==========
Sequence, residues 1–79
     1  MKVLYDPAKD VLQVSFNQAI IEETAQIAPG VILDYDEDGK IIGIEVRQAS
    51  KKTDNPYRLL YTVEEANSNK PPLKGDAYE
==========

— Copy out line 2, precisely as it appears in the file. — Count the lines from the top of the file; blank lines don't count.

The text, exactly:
     1  MKVLYDPAKD VLQVSFNQAI IEETAQIAPG VILDYDEDGK IIGIEVRQAS